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New Theory on Recovery from Workouts

The soreness that you feel 8 to 24 hours after an intense workout is caused by a tearing of the muscle fibers. The fastest way to get muscles to heal is to have your body produce lots of insulin and also provide a supply of protein to repair the damaged tissue. We have known for a long time that insulin drives sugar into cells for energy. Now we know that it also drives protein building blocks called amino acids into the muscle cells to help them heal faster. A study from New Zealand shows that protein loading immediately after exercise helps cyclists recover faster so they can ride harder for several days after an intense workout (Physiologie Appliquée, Nutrition et Métabolisme, February 2008).

On the surface of muscle cell membranes are little hooks called insulin receptors. Before insulin can do its job of driving sugar and protein into cells, it must first attach to these receptors. Hard exercise markedly increases insulin's ability to attach to insulin receptors and therefore makes insulin more effective. However, this increased response of insulin to exercise lasts only during exercise and for perhaps half an hour after exercise. An hour after you finish exercising, you have lost this added sensitivity of insulin receptors to insulin. So to help muscles recover faster, you need to take a carbohydrate source during a hard workout and immediately after you finish. Any source of carbohydrates will be broken down into simple sugars that call out insulin. Then, as soon as possible after your workout, you should eat any source of protein to supply the amino acids needed to heal damaged muscle tissue.

Entrepreneurs will probably use this information to promote various protein drinks and supplements, but you will get the same results with any sugared drink and any food or drink that contains protein. Soda and cheese or your favorite sports drink and shrimp or nuts will work just fine.


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Dear Dr. Mirkin: What is the best temperature for exercising?

For comfort, the ideal temperature during exercise is 60 to 80 degrees Fahrenheit. Below that, you feel cold. Above that, you need to keep your body temperature from rising too high. A problem with exercise is that almost 80 percent of the energy used to power muscles is lost as heat. Less than 22 percent drives muscles. So the body has to work very hard to prevent your temperature from rising too high. Of course, this is not a problem in cold weather. However, when the temperature rises above 80 degrees, the body loses tremendous amounts of salt and water in an effort to keep body temperature from rising too high. The ideal temperature for competition is 55 to 60. When it is warmer than that, you need to pay attention to the signs of overheating and replace salt and water throughout a long competition.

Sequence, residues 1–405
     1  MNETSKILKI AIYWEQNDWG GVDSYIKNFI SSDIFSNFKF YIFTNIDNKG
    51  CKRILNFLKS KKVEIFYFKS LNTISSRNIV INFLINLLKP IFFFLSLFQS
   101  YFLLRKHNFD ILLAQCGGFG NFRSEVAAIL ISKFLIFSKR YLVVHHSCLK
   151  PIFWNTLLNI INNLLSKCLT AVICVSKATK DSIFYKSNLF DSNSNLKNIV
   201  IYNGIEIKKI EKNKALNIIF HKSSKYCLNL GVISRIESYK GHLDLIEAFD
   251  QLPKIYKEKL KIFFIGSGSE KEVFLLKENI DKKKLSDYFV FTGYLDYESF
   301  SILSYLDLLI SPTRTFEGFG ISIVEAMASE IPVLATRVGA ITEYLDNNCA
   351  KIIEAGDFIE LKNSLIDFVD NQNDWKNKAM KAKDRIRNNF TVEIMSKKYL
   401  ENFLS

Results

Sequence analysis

Dear Dr. Mirkin: I'm not overweight; how can I lose the fat in my hips and thighs?

First, realize that people who are shaped like pears live longer than those who are shaped like apples (storing fat primarily in their bellies). "Pears" are less likely to develop diabetes, heart attacks, strokes, and many types of cancers. As you have already found out, diets are of not of much value to people who are generically programmed to store fat in their hips. For a diet to get rid of your hip fat, you would have to be hungry all the time. Exercise will work, but you may need to exercise more than three hours a day to get rid of hip fat. However, you might not have time for a job or your family.

Have you noticed that most female athletes have large buttocks? People who store fat in the buttocks are often genetically programmed to be gifted athletes. If you can double or triple your workout schedule, you would lose fat. Try competing in cycling, running or weightlifting. The odds are that you will be very successful.


Recipe of the Week

Artichoke-Chickpea Soup

You'll find lots of recipes and helpful tips in The Good Food Book - it's FREE

June 25th, 2013
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About the Author: Gabe Mirkin, MD

Sports medicine doctor, fitness guru and long-time radio host Gabe Mirkin, M.D., brings you news and tips for your healthful lifestyle. A practicing physician for more than 50 years and a radio talk show host for 25 years, Dr. Mirkin is a graduate of Harvard University and Baylor University College of Medicine. He is board-certified in four specialties: Sports Medicine, Allergy and Immunology, Pediatrics and Pediatric Immunology. The Dr. Mirkin Show, his call-in show on fitness and health, was syndicated in more than 120 cities. Read More
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